Impairment Ratings and FCEs: Are They Interchangeable?

[fa icon="calendar'] Jul 30, 2015 8:00:00 AM / by Deborah Lechner

When a worker suffers a serious injury or illness, permanent impairment is often the result. Assessing the extent of that impairment is necessary to determine the compensation a worker receives due to a work-related injury. Assessing impairment is done by conducting an Impairment Rating, which determines the extent of impairment within the framework of a percentage-based evaluation system. As valuable as an Impairment Rating is for case settlement, it does not provide information regarding the worker's functional ability relative to work. In order to assess the worker's physical abilities to perform work, a functional assessment such as a Functional Capacity Evaluation (FCE) or a Return to Work (RTW) screen must be conducted. The two assessments are related but address different questions. Understanding which assessment you really need is critical. In some cases, it may be both.

About Impairment Ratings

Impairment evaluations are performed to gather information about the level of impairment a person has suffered due to injury or illness. The American Medical Association (AMA) defines impairment as a significant deviation, loss, or loss of use of any body structure or body function in an individual with a health condition, disorder or disease.

According to AMA guidelines for the evaluation of impairment, which are the standards most commonly used for impairment ratings in workers' compensation injuries, impairment ratings should only be assigned to permanent impairments. A permanent impairment is defined as an impairment that has reached maximum medical improvement (MMI), is well stabilized, and is unlikely to change substantially over the next 12 months with or without medical treatment. In other words, an impairment is considered permanent when the worker has reached his or her best level of recovery and there is no expectation of further improvement, even with additional medical intervention.

Impairment ratings done in relation to compensation determinations in workers' compensation cases are generally performed by physicians or physical or occupational therapists who are trained or certified in the process of Impairment Rating. Musculoskeletal impairment is typically measured as the percentage of total body impairment lost and is either diagnosis-based or based on a demonstrable loss of range of motion. In some cases, pain, loss of sensation, or muscle weakness can also influence the impairment rating.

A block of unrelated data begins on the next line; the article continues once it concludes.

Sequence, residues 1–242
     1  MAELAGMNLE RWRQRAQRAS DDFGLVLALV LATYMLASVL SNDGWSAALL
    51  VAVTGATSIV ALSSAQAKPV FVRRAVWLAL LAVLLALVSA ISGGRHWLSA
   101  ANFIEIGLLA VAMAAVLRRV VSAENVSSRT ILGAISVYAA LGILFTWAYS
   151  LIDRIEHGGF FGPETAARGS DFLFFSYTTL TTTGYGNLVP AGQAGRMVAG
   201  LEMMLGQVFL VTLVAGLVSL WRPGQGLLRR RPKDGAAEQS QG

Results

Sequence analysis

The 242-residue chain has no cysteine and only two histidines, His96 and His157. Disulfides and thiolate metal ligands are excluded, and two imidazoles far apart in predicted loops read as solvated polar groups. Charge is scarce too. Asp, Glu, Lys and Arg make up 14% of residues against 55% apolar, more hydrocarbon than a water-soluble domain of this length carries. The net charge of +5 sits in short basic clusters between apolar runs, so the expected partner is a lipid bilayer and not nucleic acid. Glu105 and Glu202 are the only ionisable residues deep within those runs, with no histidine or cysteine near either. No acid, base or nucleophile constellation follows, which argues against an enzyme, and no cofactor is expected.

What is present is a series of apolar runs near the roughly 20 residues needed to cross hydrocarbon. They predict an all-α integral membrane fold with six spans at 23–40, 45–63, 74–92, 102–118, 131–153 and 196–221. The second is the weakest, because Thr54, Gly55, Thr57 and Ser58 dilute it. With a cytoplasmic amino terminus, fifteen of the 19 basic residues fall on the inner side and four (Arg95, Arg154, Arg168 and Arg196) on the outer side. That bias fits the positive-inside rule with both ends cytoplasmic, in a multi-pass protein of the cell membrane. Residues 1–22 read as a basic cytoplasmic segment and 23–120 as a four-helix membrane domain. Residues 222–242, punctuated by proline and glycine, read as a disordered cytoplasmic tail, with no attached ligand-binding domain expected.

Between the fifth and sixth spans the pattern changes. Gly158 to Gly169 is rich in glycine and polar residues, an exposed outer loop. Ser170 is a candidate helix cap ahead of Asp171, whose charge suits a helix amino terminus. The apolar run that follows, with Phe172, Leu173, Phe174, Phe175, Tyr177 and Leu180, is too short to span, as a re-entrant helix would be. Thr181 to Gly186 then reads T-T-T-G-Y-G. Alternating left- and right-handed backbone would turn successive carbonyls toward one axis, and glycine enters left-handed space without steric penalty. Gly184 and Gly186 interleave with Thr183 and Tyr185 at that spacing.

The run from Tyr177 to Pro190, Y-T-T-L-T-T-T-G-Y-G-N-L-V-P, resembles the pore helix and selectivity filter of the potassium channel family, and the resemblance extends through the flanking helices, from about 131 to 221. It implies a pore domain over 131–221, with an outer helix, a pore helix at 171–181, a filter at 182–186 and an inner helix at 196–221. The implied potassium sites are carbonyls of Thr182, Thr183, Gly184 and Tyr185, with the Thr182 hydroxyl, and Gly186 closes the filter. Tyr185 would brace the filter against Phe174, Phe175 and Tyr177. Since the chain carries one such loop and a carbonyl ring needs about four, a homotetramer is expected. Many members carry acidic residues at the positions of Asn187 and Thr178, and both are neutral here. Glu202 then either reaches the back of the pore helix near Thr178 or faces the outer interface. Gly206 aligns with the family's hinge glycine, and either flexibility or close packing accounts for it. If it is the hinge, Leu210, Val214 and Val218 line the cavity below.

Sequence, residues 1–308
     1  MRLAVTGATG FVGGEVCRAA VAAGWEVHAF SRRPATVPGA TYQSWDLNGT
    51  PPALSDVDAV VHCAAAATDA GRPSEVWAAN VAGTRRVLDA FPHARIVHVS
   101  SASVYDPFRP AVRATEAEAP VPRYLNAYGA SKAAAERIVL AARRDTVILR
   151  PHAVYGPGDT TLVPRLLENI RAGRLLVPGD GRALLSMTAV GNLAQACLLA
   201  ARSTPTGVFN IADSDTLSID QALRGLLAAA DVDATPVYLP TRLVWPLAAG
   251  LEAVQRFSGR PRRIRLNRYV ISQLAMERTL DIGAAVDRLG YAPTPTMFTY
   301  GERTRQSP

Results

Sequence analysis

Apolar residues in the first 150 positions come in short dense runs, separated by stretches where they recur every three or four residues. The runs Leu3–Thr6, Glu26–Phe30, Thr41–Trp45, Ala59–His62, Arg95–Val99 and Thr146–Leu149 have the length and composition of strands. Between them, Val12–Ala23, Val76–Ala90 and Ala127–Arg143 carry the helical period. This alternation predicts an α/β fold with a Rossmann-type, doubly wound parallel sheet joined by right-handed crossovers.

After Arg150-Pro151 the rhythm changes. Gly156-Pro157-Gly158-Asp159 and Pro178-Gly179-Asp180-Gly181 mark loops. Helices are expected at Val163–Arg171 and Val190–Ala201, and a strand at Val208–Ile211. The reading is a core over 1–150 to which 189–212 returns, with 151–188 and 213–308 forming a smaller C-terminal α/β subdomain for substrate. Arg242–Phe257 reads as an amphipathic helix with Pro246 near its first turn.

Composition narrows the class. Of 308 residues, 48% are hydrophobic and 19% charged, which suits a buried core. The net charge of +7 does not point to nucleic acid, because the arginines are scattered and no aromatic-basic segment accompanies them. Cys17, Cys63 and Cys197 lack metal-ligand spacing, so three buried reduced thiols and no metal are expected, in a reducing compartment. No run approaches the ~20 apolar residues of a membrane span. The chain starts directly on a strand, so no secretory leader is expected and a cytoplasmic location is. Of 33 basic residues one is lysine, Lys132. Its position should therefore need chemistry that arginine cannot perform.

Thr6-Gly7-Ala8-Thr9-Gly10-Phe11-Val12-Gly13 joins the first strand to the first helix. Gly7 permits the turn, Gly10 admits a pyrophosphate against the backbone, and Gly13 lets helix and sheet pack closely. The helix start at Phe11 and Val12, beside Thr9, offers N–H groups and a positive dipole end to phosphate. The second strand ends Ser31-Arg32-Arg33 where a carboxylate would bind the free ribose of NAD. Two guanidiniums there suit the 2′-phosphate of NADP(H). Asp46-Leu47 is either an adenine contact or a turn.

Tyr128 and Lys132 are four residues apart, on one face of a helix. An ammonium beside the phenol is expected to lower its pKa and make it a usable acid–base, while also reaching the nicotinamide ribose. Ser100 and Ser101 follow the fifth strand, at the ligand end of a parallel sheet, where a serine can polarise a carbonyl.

About Functional Capacity Evaluations (FCEs)

While an impairment rating can offer useful information in workers' compensation case settlements, it is not a strong predictor of work-related function. Establishing the ability of a previously injured worker to perform his or her job is the purpose of the Functional Capacity Evaluation. FCEs provide insight into the functional ability of the employee, while a Job Demands Analysis (JDA) quantifies the demands of the job. With these two assessments, the worker's abilities can be compared to the physical demands of the job to determine if return to work is feasible or if accommodations can be made. If accommodations are not possible for the original job, the employer can use the results of the JDA and FCE to help identify suitable alternative jobs into which the employee may be permanently placed. Knowing the employee's function and how it matches the job affects the individual and their coworkers and is an important step in safe and effective return to work planning, as well as preventing additional workplace injuries.

The employee job matching process allows employers to foresee potential conflicts and issues that might increase the individual's risk of re-injury or lead to a failed return to work attempt. Additionally, placing an impaired worker in a position they aren't capable of handling safely can place other employees at risk. Foreseeing these potential problems offers the opportunity to address them by modifying duties for greater suitability and safety.

So, back to the question posed in the title: are Impairment Ratings and FCE's interchangeable? The short answer is "no." Valuable, yes - but interchangeable? Clearly not. Knowing the difference is critical in the effective management of work-related injuries.

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Topics: Workplace Safety

Deborah Lechner

Written by Deborah Lechner

Deborah Lechner, ErgoScience President, combines an extensive research background with 25-plus years of clinical experience. Under her leadership, ErgoScience continues to use the science of work to improve workplace safety, productivity and profitability.